Although the pandemic has impacted everyone, it has not been uniform. Dramatic differences emerge when comparing geography, race, socio-economic status, occupation, and even political views. One upside has been the greater appreciation of health equity, and the myriad of factors that influence it. One downside is that we have been confronted with a series of difficult dilemmas.
This has certainly been the case with one especially vulnerable demographic: children.
Prolonged school closures and other measures limited COVID-19 spread, while distance learning inhibited social interaction and exacerbated educational gaps. Despite the (thankfully) reduced incidence of serious illness among kids, their emotional development, education, and overall health has been significantly disrupted. The longer-term impact on psychosocial development is still to be determined.
Importantly, it was not just about “schools open or closed.” Whether in-person or not, children faced emotional and behavioral challenges from the disruption of their normal routine, family stress, and economic hardships. Their health was adversely affected in many other ways, including reduced physical activity and deteriorating diet; delays in preventive care, routine immunizations, and chronic disease management; and access to watchful eyes over children at risk in their homes.
Yet, children’s hospitals have continually adapted to meet the needs of patients and their families.
I recently spoke with my colleague Leonard G. Feld, MD, PhD, a pediatric subspecialist and physician leader, who has seen many hospitals and practices through difficult times. One of his biggest concerns during the pandemic has been maintaining access for kids to the care they need.
A solution embraced by children’s hospitals has been to expand telehealth services. In 2014, as the chief medical officer at a leading children’s health system, Dr. Feld assisted in the implementation of telehealth for selected pediatric hospital-based services. Fast forward to today, telehealth uptake is forecasted to increase by 64% nationwide in 2021, with sevenfold growth by 2025.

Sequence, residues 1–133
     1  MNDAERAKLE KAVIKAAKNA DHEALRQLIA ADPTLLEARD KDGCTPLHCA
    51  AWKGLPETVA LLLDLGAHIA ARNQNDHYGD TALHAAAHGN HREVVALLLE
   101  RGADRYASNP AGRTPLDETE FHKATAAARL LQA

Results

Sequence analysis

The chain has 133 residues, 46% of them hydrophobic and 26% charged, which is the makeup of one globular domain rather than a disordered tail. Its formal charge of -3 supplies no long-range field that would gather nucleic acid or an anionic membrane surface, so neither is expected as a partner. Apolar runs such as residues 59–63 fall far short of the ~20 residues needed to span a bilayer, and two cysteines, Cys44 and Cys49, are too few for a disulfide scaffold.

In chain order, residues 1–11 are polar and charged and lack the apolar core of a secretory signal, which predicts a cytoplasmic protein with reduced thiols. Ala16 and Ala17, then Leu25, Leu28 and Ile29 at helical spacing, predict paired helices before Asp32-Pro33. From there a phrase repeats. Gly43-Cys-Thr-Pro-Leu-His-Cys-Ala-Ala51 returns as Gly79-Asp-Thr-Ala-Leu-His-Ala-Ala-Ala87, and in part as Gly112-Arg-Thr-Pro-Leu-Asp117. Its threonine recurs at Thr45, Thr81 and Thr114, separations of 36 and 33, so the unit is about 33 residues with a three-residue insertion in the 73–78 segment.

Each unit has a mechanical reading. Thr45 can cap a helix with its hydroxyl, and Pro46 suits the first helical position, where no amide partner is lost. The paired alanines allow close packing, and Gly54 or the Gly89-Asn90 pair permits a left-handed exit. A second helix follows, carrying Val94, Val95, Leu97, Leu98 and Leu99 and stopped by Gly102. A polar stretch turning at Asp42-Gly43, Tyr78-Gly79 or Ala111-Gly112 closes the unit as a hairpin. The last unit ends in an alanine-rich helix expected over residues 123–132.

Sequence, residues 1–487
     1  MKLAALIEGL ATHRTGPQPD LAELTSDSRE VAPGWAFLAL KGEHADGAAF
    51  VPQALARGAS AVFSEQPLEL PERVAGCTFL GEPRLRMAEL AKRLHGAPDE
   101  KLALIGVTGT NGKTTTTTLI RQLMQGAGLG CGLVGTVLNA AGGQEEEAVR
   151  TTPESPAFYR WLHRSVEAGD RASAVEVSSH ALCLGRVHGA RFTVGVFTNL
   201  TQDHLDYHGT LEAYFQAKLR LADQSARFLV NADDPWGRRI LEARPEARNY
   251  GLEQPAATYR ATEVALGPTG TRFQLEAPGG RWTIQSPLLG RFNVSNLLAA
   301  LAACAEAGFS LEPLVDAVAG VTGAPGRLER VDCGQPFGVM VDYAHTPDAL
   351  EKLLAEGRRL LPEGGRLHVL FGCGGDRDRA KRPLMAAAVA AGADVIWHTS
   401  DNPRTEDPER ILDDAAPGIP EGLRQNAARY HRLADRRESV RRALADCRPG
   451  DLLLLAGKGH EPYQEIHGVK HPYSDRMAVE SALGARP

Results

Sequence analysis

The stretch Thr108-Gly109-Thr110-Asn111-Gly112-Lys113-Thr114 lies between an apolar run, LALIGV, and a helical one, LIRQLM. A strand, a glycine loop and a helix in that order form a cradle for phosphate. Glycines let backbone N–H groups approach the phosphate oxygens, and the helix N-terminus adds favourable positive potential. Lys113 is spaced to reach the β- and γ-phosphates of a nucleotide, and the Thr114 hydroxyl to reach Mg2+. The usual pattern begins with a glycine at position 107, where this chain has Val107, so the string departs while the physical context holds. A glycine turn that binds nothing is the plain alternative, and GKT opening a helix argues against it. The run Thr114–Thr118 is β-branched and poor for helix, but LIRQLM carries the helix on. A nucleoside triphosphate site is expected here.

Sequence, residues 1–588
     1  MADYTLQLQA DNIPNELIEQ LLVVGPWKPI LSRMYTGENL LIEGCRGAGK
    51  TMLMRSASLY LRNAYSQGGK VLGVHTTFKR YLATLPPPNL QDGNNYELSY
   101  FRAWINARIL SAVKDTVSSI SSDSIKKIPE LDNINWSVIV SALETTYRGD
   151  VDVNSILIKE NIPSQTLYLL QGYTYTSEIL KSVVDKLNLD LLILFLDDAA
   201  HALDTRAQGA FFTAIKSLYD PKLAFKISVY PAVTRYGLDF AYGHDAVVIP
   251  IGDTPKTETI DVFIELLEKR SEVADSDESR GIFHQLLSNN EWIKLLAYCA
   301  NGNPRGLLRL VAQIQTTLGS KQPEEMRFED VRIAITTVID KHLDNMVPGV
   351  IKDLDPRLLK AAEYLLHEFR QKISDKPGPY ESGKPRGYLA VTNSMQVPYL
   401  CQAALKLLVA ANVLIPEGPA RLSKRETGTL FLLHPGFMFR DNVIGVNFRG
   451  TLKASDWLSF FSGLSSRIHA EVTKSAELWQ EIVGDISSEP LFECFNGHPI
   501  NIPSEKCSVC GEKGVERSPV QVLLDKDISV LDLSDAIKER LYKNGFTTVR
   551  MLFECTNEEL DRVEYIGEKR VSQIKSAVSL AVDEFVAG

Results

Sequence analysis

Virtual care has increased access, allowing patients to get to physicians promptly and more conveniently. Dr. Feld cites that in pediatrics, when a parent is told their child needs to see a specialist, “The clock starts ticking.”
With enhanced telehealth services, this can now happen within hours or days rather than weeks or months, especially for underserved communities. It’s also allowed for greater communication among specialists, primary care providers, and patients/families.
Questions remain over how telehealth plays out in the long term for pediatric care delivery.
Several issues need to be addressed before telehealth can become a mainstay in pediatric care. Most importantly, can children’s hospitals support the interventions necessary to get kids back on track?
Regulatory and reimbursement barriers to telehealth that were removed early in the pandemic are progressively being reinstated. However, with additional federal support for telehealth in rural communities, pediatric hospitals can leverage their broad expertise as an ideal candidate to receive funding for new strategies.